Trendmasters, the master toy licensee outside of Japan for the flick, has filed suit in the U.S. District Court, Central District of California, against Columbia TriStar and its licensing division, Sony Signatures, for breach of contract.
The suit stems from the studio's decision to allow another licensee, Toy Biz, to make action figures for the monster movie similar to those created by Trendmasters. Attorneys for Trendmasters said the toys were also sold in many of the same stores, confusing consumers.
Typically, each toy licensee holds an exclusive license for a specific product niche.
Sony Signatures executives declined comment on the lawsuit.
Trendmasters estimates damages related to the alleged breach of contract will exceed $10 million. The suit-which also names Japan's Toho Co., the official rights holder of the Godzilla name, as a defendant-seeks an unspecified amount of money.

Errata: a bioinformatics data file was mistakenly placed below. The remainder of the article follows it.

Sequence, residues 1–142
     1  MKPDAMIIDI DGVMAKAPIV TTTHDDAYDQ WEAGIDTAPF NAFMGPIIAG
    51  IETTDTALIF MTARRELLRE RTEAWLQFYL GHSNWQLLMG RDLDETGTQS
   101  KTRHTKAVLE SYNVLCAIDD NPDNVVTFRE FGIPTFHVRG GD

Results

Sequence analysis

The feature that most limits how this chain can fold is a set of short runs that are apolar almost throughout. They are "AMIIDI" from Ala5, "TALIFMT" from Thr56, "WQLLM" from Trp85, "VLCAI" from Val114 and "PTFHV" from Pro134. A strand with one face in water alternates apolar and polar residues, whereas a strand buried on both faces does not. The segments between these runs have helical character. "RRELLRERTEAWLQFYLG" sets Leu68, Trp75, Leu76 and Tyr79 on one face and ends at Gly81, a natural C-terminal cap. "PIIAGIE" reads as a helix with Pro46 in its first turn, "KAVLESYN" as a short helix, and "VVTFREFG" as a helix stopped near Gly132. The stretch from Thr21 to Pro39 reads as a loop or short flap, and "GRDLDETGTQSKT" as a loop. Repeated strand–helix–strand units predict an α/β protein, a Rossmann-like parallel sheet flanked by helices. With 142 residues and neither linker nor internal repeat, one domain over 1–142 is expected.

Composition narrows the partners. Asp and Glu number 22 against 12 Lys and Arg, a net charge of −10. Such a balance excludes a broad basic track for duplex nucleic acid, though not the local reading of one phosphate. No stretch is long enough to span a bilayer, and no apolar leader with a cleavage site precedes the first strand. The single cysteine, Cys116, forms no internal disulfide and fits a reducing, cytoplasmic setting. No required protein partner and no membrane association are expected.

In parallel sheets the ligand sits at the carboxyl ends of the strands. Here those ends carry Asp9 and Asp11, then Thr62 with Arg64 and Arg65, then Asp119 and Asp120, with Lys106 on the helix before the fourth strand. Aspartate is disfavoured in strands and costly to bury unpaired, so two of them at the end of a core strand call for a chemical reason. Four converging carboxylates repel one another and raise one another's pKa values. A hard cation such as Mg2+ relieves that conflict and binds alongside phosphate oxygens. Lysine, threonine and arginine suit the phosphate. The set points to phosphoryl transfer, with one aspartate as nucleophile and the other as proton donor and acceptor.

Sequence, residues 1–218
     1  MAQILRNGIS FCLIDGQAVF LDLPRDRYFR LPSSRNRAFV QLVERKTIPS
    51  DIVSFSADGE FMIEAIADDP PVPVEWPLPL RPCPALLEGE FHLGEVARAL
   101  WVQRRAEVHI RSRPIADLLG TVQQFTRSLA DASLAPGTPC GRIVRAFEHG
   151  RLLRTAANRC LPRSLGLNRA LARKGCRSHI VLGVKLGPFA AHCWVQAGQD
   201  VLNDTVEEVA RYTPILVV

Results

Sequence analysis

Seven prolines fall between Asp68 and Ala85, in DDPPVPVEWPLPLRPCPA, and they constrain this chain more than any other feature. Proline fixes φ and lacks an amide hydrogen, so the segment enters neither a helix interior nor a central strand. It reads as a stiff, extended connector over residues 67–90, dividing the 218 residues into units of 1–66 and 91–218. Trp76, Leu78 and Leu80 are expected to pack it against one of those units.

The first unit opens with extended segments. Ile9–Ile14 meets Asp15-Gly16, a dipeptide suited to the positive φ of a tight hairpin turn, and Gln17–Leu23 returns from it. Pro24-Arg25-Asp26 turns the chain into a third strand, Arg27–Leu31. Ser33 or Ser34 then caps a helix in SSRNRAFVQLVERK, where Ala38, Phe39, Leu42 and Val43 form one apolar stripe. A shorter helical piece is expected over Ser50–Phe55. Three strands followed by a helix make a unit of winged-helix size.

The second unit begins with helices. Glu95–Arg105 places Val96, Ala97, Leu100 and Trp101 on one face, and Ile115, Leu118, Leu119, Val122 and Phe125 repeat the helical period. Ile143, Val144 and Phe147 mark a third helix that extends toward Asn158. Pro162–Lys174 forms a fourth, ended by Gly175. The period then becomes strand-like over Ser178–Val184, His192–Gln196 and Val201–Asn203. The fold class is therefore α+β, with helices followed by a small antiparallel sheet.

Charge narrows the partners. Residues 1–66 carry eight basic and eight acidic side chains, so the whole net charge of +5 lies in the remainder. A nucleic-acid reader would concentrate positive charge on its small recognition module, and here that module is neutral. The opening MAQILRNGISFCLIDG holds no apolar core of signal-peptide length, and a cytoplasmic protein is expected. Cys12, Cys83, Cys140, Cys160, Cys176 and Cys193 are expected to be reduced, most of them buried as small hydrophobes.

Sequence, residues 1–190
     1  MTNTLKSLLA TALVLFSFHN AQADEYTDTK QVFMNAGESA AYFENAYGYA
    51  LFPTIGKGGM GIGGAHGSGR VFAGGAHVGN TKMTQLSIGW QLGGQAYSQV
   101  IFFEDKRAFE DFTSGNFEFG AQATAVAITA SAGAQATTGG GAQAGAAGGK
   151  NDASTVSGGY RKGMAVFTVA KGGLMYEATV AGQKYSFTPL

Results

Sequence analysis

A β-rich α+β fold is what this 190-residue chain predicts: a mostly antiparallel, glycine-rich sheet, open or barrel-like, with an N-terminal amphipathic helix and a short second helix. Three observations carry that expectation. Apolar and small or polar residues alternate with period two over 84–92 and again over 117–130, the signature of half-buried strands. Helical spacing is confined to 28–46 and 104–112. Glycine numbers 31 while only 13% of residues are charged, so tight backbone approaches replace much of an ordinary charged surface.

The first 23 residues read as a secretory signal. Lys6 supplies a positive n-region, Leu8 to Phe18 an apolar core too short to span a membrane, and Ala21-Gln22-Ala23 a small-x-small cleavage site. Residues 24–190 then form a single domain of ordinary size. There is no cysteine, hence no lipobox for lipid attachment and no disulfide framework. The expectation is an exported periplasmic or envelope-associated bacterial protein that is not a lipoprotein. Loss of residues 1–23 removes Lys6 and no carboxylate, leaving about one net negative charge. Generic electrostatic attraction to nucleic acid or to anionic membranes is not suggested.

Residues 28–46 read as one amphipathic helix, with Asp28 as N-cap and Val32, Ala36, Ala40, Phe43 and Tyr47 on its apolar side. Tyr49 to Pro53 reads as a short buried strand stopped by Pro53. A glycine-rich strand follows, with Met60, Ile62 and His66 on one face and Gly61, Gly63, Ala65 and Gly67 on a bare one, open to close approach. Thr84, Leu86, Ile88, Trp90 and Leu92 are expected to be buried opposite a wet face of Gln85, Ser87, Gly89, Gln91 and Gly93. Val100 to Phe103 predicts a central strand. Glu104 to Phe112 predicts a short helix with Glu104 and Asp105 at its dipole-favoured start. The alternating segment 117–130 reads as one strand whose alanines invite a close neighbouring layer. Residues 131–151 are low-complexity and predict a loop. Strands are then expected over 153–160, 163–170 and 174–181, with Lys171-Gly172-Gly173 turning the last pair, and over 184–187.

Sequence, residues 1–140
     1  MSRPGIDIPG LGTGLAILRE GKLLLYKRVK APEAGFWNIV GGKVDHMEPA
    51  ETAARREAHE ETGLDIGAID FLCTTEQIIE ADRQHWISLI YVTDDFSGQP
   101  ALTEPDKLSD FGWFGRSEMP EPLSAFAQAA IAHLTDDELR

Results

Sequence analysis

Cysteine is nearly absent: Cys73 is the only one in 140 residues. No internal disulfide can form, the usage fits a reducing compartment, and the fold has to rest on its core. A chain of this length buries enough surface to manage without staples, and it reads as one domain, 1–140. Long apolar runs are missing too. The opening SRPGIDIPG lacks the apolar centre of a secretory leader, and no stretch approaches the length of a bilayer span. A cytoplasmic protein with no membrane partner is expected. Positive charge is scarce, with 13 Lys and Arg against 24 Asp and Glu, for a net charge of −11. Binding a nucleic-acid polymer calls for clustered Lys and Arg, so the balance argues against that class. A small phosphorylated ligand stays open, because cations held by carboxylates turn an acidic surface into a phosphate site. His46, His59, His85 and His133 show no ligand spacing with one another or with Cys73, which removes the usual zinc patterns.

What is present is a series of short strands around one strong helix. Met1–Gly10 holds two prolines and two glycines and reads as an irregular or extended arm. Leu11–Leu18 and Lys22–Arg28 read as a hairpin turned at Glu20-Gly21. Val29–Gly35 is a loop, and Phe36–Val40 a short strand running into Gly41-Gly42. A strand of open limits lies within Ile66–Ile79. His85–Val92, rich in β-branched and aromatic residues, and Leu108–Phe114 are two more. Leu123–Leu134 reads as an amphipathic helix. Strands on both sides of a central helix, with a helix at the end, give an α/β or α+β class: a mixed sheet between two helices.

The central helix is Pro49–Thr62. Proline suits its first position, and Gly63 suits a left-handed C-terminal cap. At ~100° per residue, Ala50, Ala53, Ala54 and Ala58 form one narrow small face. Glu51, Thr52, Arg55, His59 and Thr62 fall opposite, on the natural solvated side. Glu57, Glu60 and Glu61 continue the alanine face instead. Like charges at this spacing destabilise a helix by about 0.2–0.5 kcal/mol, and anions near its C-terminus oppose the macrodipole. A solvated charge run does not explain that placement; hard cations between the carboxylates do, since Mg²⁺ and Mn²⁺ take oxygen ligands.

SLICING THE SALAMI
"They sliced the salami a little too thin," said Don Kaul, an attorney at Dorsey & Whitney, Costa Mesa, Calif., the law firm for Trendmasters. "They tried to get too many licenses out there. Trendmasters believes it had a exclusive license for action figures, but there is a second company."
The marketing of "Godzilla" differed from most films. To keep the look of the new Godzilla secret and build anticipation, Sony Pictures Entertainment forbade toy licensees from selling any product before the movie opened in late May 1998. Toymakers typically garner up to 25% of sales in the weeks before a movie's theatrical release.
Despite the lawsuit, Trendmasters continues to produce a line of toys tied to the Fox network's high-rated Saturday morning cartoon, "Godzilla: The Series"